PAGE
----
Sam Bankman-Fried’s Alameda quietly used FTX customer funds without raising alarm bells, sources said

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The quant trading firm Sam Bankman-Fried founded was able to quietly use customer funds from the exchange and FTX in a way that flew under the radar of investors, employees and auditors in the process, according to a source.

The way they did it was by using billions of FTX users without their knowledge, the source said.

Alameda Research, a fund started by Bankman-Fried, borrowed billions in customer funds from its founder’s exchange, FTX, according to a source familiar with the company’s operations, who asked not to be named because the details are confidential.

Crypto exchanges drastically underestimated the amount of FTX needed to keep on hand if someone wants to cash out, according to the source. Trading platforms are required by regulators to hold enough cash to match what customers deposit. They need the same cushion, if not more, if users borrow money to trade. According to the source, FTX does not have nearly enough.

Its biggest customer, according to sources, is an Alameda hedge fund. The fund can partially cover this activity because the assets it trades never touch its own balance sheet. Instead of holding the money, it borrowed billions from FTX users, then traded it, the source said.

None of this was disclosed to customers, to CNBC’s knowledge. In general, mixing customer and partner funds and trading them without explicit permission, according to US securities law, is illegal. It also violates FTX’s terms of service. Sam Bankman-Fried declined to comment on allegations of misappropriating customer funds, but said his latest bankruptcy filing was the result of problems with leveraged trading positions.

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“A margin position took a big hit,” Bankman-Fried told CNBC.

In making some of these leveraged trades, this quant fund uses a cryptocurrency created by an exchange called FTT as collateral. In the lending agreement, the guarantee is usually the promise of the borrower to secure repayment. This is often dollars, or something else of value – like real estate. In this case, a source said Alameda was borrowed from FTX, and used the exchange’s in-house cryptocurrency, FTT token, to support those loans. The FTT token price nosedived 75% in one day, making the collateral insufficient to cover trades.

In the past week, FTX has bump from a $32 billion cryptocurrency powerhouse, to bankruptcy. The blurred lines between FTX and Alameda Research led to a major liquidity crisis for both companies. Bankman-Fried resigned as CEO of FTX and said Alameda Research was closed. The company has said that it is removing trades and withdrawalsand transfer digital assets offline after a be presumed $477 million hack.

When asked about the blurred lines between his companies in August, Bankman-Fried denied any conflict of interest and said FTX was “a neutral piece of market infrastructure.”

“I put in a lot of work over the last few years to try to eliminate the conflict of interest there,” Bankman-Fried, 30, told CNBC in an interview. “I don’t run Alameda anymore. I don’t work for it, no FTX does. We have a separate staff – we don’t want to get preferential treatment.”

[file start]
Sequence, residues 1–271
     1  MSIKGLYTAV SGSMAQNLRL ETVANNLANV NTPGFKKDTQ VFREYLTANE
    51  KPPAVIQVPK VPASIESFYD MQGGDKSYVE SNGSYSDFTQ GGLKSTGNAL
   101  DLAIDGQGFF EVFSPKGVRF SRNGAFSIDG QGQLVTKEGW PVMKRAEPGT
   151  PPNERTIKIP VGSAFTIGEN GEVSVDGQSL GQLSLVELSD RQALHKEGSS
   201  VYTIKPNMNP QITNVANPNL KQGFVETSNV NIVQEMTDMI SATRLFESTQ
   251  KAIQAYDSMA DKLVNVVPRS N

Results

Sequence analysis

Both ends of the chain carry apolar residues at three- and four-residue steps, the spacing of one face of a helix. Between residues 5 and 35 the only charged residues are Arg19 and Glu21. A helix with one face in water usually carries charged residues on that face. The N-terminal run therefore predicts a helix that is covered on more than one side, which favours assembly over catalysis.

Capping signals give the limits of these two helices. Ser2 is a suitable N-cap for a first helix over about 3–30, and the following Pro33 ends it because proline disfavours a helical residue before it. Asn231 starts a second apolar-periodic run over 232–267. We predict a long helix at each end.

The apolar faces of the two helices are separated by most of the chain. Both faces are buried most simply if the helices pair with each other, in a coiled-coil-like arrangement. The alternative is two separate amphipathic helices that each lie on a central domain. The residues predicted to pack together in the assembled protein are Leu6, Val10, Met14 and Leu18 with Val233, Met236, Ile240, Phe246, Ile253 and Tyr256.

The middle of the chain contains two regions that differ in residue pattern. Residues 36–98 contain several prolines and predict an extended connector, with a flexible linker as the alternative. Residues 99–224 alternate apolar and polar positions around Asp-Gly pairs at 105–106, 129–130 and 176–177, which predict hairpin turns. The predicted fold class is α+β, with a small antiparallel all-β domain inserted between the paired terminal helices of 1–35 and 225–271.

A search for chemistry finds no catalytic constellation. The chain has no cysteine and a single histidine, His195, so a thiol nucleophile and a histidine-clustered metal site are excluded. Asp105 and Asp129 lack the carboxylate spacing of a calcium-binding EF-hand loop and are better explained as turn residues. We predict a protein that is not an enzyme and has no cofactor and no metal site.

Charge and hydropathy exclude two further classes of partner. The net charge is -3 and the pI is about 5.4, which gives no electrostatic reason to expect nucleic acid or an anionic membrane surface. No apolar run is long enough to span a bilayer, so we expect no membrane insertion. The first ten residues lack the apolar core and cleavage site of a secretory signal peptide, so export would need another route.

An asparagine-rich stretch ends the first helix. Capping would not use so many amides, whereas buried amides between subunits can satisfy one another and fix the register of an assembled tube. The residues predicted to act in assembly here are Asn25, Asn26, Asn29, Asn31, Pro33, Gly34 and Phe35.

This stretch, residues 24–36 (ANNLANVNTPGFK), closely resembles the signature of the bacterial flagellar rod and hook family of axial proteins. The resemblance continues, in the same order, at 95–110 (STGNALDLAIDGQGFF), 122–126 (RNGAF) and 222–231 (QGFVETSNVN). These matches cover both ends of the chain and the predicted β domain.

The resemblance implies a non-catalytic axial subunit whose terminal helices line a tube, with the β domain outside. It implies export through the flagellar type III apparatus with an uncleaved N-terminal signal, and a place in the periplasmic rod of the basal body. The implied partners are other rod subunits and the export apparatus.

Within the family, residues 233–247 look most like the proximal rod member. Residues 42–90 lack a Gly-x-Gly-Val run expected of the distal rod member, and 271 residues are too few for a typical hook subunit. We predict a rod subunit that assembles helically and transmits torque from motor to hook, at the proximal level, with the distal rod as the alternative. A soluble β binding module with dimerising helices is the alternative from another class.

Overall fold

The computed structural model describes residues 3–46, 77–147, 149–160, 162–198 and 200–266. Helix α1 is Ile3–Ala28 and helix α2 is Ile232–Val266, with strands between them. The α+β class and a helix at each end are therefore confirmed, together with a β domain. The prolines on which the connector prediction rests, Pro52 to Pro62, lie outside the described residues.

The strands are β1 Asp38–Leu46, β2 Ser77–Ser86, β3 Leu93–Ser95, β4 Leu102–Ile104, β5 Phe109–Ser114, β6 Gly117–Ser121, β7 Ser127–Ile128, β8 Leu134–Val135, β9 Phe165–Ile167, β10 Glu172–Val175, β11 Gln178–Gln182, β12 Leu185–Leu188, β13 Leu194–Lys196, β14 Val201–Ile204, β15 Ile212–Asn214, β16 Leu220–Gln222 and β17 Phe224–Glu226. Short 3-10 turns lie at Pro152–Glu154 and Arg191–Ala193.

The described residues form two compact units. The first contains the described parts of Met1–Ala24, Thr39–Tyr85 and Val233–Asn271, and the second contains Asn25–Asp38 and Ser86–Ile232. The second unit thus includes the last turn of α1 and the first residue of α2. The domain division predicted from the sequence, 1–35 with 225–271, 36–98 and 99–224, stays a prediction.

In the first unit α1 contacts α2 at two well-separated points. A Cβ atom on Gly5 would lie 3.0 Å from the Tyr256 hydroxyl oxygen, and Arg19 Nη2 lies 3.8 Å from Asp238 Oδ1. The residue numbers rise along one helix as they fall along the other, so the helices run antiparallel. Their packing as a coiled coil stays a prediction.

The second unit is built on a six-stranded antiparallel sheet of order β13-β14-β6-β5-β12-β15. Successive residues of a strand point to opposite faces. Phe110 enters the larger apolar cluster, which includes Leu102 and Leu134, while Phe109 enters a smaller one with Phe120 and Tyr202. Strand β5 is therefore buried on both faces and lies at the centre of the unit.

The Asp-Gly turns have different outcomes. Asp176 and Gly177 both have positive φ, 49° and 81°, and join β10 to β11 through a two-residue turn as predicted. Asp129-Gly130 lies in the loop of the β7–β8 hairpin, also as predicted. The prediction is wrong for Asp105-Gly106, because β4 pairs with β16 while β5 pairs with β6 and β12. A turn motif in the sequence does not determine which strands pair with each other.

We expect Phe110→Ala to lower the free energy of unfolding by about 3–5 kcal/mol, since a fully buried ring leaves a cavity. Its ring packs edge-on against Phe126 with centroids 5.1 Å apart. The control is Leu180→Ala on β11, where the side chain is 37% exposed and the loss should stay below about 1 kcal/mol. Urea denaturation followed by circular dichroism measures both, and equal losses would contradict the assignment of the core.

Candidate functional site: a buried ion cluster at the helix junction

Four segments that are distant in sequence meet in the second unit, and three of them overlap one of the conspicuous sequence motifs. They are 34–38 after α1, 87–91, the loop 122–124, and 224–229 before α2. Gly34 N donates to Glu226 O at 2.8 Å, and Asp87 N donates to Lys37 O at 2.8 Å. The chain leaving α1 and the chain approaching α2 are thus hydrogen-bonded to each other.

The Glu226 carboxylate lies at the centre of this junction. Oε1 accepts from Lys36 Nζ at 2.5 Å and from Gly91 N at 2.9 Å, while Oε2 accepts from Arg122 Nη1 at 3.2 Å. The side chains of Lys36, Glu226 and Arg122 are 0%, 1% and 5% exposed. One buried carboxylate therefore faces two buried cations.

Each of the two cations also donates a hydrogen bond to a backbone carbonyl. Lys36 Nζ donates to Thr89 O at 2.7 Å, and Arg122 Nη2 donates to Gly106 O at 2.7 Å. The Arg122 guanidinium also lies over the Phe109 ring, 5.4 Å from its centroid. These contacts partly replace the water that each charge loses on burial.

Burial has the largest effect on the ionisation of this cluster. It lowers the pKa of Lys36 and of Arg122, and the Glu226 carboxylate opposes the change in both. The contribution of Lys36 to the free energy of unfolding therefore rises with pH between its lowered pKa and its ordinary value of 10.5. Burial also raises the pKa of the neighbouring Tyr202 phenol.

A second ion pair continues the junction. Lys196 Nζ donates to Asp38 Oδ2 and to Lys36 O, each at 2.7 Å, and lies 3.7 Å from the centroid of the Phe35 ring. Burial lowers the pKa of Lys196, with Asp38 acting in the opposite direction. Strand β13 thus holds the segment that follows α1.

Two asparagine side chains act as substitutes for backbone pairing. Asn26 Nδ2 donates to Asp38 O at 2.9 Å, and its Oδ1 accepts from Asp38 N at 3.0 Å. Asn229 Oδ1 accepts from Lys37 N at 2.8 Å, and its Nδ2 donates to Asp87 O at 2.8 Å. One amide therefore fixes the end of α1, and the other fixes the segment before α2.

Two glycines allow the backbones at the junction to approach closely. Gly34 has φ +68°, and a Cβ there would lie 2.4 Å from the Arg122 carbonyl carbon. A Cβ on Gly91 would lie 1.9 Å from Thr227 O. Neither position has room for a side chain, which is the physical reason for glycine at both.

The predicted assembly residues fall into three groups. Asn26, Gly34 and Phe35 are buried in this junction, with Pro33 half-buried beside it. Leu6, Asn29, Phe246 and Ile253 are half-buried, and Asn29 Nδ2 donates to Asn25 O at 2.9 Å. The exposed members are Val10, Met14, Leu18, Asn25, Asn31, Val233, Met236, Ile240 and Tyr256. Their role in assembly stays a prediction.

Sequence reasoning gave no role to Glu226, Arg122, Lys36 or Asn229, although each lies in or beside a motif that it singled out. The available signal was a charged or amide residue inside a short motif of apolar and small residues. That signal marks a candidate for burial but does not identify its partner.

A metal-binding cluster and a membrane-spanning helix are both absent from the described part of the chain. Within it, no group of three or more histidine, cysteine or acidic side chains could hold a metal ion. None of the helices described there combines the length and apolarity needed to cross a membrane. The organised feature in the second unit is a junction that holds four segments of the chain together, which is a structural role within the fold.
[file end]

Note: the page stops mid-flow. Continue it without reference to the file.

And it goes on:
Trading margin

Part of the problem, according to the same source, is FTX’s web of complicated leverage and margin trading. his”point margin“The trading feature lets users borrow from other customers on the platform. For example, if a customer saves a bitcoin they can lend it to other users and earn income on it.

But every time an asset is borrowed, FTX subtracts the borrowed asset from what it needs to keep in its wallet to match the customer’s deposit, sources said. Under normal circumstances, the exchange wallet should match what the customer deposited. But because of this practice, assets are not backed up one by one and the company considers the estimated amount owed to customers.

Alameda trading firms can also take advantage of this spot margin feature. One source said Alameda can borrow customer funds, essentially free of charge.

The source explained that Alameda could post FTT tokens held as collateral and borrow customer funds. Even if FTX creates more FTT tokens, it will not reduce the value of the coin because this coin never comes to the open market. As a result, these tokens held their market value, so Alameda borrowed against them – basically receiving free money for trading.

FTX has been able to sustain this pattern as long as it maintains the FTT price and there is no flood of customer withdrawals on the exchange. In the week leading up to the bankruptcy filing, FTX did not have enough assets to meet customer withdrawals, sources said.

The outside auditor likely missed this difference because the customer’s assets are balance sheet items, and therefore, would not be reported in FTX’s financial statements, the source said.

It all came crashing down last week.

CoinDesk reported that the majority of Alameda’s balance sheet consists of FTT tokens, shaking the confidence of customers and investors. Changpeng Zhao (CZ), the CEO of one of its biggest rivals, Binance, publicly threatened to sell its FTT tokens on the open market, crashing the price of FTT.

This chain of events brought the exchange down, and customers withdrew roughly $5 billion before FTX paused the withdrawal. When customers withdraw their money, FTX has no funds, sources said.

‘No one saw this coming’

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